Each day we are bombarded by arguments made by family, friends, politicians, advertisements, scientists, and more. One question, however, is which of these arguments are good arguments? What even makes an argument a good one? All of us use reasons when conversing with other people, but do we know what it is to reason well?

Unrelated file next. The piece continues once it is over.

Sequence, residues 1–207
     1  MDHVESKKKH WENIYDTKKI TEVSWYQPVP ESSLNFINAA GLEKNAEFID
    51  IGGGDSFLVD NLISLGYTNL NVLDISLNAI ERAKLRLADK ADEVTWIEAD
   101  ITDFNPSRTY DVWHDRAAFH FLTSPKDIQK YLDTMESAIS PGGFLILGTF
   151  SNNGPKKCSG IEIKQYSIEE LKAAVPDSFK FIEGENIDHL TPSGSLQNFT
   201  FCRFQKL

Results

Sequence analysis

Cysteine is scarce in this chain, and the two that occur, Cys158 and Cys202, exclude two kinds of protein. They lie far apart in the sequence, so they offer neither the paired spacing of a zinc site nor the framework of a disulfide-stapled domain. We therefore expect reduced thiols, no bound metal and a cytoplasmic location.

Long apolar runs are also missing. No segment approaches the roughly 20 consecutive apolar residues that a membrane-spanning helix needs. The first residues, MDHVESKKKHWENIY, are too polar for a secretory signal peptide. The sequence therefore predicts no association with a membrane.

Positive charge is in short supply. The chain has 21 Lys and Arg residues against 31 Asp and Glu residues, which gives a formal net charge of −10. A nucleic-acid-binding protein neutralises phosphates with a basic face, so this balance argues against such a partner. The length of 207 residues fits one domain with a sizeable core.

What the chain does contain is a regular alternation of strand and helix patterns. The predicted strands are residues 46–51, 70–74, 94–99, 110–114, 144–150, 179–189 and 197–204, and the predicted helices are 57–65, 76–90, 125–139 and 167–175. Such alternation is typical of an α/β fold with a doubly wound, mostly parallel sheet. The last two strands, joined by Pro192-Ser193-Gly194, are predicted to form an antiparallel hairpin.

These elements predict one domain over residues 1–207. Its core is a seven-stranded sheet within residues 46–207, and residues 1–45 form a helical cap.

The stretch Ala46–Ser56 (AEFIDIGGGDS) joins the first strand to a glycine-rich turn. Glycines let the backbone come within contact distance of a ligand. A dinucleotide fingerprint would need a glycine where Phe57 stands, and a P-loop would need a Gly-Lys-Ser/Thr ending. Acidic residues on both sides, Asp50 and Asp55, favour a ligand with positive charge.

This course asks these questions and investigates a topic that, arguably, may seem both familiar yet uncertain for many of us. In doing so, students can expect to be presented with materials that will allow them to use analytic tools to evaluate the strength of both their arguments and the arguments of others. By pulling from real world cases, we will also hold space to look at the use of statistics and causality in arguments and how to parse through the most common arguments we encounter in our lives.